This is a good form for you If you feel depleted in magnesium (based on the symptoms) and struggle with chronic constipation. Whenever I travel, I bring along a bottle of citrate to keep things moving.
The brand I use and recommend: MagnesiumCitrate
Magnesium malate: Helps with fatigue, fibromyalgia.
Another type of magnesium bound to malic acid. For those having issues with energy production, a magnesium malate supplement may be effective for helping with chronic fatigue syndrome and/or fibromyalgia.
No surprise, this form may be too stimulating for some and may disrupt sleep, especially when taken at night (I had this experience first hand).
The brand I recommend: Magnesium Malate.
Magnesium threonate: Helps with memory and preventing cognitive decline.
Threonate is a form of magnesium chelated to threonic acid, a metabolite of vitamin C.
This form of magnesium in comparison to others was created to cross the blood-brain barrier. It may, therefore, improve learning and memory functions and maybe be especially beneficial for age-related cognitive decline. The suggested dose is 2,000 mg of magnesium threonate.
The brand I recommend: Pure Encapsulations.
Magnesium chloride: Helps with pain reduction, anxiety and insomnia.
Good for external use.
Chloride is a form of magnesium for topical use. The skin is a great way to increase magnesium levels and bypass using the gut – this is especially beneficial for people with IBS (or leaky gut) who suffer from malabsorption of nutrients.
The brand I recommend: Quick Magnesium. It is a pure, 100% natural solution of magnesium chloride, coming from high-quality magnesium salt derived from the depths of the earth’s interior – all from the ancient Zechstein Seabed in Europe. Ultra-pure and untouched by pollutants, this magnesium salt was protected at depths of 5,000-6,500 feet in this seabed for the past 250 million years.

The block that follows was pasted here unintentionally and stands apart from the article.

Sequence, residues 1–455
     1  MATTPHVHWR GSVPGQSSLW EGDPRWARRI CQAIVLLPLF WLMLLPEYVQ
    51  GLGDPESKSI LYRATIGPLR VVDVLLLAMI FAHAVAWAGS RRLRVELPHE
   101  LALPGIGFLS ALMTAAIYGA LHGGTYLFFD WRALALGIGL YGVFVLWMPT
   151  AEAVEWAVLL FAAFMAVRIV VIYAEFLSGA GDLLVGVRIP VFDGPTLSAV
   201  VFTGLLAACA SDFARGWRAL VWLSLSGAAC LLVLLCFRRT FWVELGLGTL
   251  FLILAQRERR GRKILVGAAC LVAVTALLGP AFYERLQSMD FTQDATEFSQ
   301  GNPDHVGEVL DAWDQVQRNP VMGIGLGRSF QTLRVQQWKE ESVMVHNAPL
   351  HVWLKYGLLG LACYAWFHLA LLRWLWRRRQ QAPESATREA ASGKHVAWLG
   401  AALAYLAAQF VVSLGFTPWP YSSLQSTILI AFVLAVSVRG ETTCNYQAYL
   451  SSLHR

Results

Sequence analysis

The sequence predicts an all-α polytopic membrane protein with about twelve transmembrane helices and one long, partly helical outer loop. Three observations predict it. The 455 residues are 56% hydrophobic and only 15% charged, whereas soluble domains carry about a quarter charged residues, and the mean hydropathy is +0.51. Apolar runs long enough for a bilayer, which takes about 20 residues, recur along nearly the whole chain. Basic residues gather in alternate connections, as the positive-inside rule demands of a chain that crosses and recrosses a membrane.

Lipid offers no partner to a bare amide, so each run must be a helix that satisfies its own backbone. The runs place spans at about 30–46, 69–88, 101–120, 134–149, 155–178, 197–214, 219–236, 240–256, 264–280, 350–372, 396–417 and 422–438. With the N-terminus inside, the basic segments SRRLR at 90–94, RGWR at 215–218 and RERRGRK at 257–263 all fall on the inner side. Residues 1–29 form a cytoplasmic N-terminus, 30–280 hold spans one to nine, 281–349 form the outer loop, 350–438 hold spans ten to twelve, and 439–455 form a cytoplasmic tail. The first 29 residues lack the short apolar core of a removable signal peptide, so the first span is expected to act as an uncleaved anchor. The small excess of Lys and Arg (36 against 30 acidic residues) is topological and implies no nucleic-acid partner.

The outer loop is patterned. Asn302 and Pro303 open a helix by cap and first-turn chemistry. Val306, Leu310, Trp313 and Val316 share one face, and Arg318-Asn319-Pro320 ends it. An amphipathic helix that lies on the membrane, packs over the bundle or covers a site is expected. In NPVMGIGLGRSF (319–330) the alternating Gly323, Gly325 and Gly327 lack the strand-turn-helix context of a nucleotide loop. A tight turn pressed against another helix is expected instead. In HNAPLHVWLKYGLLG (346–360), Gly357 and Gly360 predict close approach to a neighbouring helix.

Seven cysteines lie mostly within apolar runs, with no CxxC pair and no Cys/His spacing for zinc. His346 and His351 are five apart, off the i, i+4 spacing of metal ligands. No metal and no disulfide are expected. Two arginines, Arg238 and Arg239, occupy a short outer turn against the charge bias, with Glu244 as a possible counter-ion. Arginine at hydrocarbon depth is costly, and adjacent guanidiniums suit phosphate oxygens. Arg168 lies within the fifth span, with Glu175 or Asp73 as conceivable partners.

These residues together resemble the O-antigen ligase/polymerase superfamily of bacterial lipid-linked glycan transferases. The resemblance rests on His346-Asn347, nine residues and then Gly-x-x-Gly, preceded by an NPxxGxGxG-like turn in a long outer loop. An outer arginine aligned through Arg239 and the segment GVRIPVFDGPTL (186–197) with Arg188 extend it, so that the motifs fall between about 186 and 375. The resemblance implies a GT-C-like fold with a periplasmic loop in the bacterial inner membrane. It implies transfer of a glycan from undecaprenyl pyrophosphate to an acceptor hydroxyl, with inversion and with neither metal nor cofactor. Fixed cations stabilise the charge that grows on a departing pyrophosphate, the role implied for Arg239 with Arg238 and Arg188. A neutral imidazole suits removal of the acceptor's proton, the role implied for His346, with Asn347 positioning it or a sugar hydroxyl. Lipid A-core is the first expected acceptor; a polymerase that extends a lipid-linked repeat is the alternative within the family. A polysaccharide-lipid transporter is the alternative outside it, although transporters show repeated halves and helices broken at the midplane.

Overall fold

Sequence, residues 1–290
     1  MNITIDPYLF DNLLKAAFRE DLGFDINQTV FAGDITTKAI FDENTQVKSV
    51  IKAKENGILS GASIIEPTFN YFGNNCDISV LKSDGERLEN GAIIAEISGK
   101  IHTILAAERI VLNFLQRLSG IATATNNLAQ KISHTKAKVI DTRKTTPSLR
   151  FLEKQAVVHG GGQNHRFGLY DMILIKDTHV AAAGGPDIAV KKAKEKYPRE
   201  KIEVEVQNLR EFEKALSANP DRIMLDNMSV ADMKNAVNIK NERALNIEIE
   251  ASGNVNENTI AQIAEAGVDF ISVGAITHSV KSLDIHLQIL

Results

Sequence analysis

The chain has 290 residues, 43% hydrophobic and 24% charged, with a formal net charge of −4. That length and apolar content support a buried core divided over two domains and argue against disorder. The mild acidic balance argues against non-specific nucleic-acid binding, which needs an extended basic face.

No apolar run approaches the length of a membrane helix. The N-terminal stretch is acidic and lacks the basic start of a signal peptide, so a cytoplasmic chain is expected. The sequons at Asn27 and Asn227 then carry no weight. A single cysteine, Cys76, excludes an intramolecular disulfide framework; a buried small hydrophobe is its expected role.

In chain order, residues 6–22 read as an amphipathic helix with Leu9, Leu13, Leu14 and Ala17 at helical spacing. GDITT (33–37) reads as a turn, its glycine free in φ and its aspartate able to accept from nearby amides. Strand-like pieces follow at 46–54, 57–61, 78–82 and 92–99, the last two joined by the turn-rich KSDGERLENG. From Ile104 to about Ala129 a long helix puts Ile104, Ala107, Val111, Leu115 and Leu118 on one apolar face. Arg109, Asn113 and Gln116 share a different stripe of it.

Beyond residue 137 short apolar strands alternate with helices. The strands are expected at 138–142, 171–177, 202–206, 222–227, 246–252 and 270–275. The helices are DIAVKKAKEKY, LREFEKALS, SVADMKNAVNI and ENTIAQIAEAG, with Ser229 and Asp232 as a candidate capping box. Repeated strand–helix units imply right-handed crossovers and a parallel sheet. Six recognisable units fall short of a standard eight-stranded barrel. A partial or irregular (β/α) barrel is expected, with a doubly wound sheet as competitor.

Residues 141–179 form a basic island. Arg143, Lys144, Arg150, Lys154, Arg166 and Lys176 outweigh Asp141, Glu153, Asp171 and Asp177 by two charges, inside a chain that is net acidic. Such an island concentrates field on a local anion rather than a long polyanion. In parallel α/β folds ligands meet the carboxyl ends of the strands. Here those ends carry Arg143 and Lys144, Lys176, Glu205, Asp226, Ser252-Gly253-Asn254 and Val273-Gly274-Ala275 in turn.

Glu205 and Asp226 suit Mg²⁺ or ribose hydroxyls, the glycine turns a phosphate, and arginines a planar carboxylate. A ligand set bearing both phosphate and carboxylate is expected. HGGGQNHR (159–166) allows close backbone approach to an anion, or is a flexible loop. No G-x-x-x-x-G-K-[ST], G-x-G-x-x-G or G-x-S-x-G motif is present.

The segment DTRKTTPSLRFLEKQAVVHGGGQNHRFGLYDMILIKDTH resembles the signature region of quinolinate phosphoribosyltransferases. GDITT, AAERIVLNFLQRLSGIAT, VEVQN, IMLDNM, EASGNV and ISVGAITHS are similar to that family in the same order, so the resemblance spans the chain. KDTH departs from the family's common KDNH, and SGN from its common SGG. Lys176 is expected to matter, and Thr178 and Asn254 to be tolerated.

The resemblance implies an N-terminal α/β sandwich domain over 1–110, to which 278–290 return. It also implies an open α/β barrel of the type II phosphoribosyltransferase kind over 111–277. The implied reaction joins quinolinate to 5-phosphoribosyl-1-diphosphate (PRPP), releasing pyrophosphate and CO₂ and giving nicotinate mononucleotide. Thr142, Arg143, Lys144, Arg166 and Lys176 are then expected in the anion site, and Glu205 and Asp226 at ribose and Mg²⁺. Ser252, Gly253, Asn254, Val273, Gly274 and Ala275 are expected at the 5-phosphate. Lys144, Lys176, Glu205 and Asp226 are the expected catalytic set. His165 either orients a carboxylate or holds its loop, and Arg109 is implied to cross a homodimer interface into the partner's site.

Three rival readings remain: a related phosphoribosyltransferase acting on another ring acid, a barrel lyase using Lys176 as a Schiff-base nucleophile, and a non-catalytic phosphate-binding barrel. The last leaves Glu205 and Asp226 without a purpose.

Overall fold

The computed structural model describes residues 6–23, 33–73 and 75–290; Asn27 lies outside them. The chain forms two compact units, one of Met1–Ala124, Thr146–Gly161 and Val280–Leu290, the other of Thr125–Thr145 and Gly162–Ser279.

Many of our program participants have reported fantastic results using this form of magnesium; from pain reduction, feeling calmer, to deeper/longer sleep.
See video below for more discussion on these forms of magnesium:
Oxide contains a lot of magnesium by weight but has a bioavailability of only 4%. This form is found in many magnesium supplements and should be avoided. Therefore, I have no brands to recommend here. I’ve also found that many MLM (multi-level marketing companies) use this form of magnesium in their product line-ups.
Used as a coating agent in supplements and not soluble in water. This form of magnesium should be avoided.
Only has 4% bioavailability and can cause negative reactions. Companies that use it tend to add other low-quality ingredients. I do not recommend using it at all.
It is derived from lactic acid which is milk. I recommend avoiding dairy in any form.
Studies show that it does not dissolve well in water, its bioavailability is therefore low.
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I hope this article was helpful in getting you on board to replenish your magnesium levels and one step closer to rebalancing your hormones.
If you want to read up more about the causes of magnesium deficiency, the dosages and which are the magnesium-rich foods – read this article.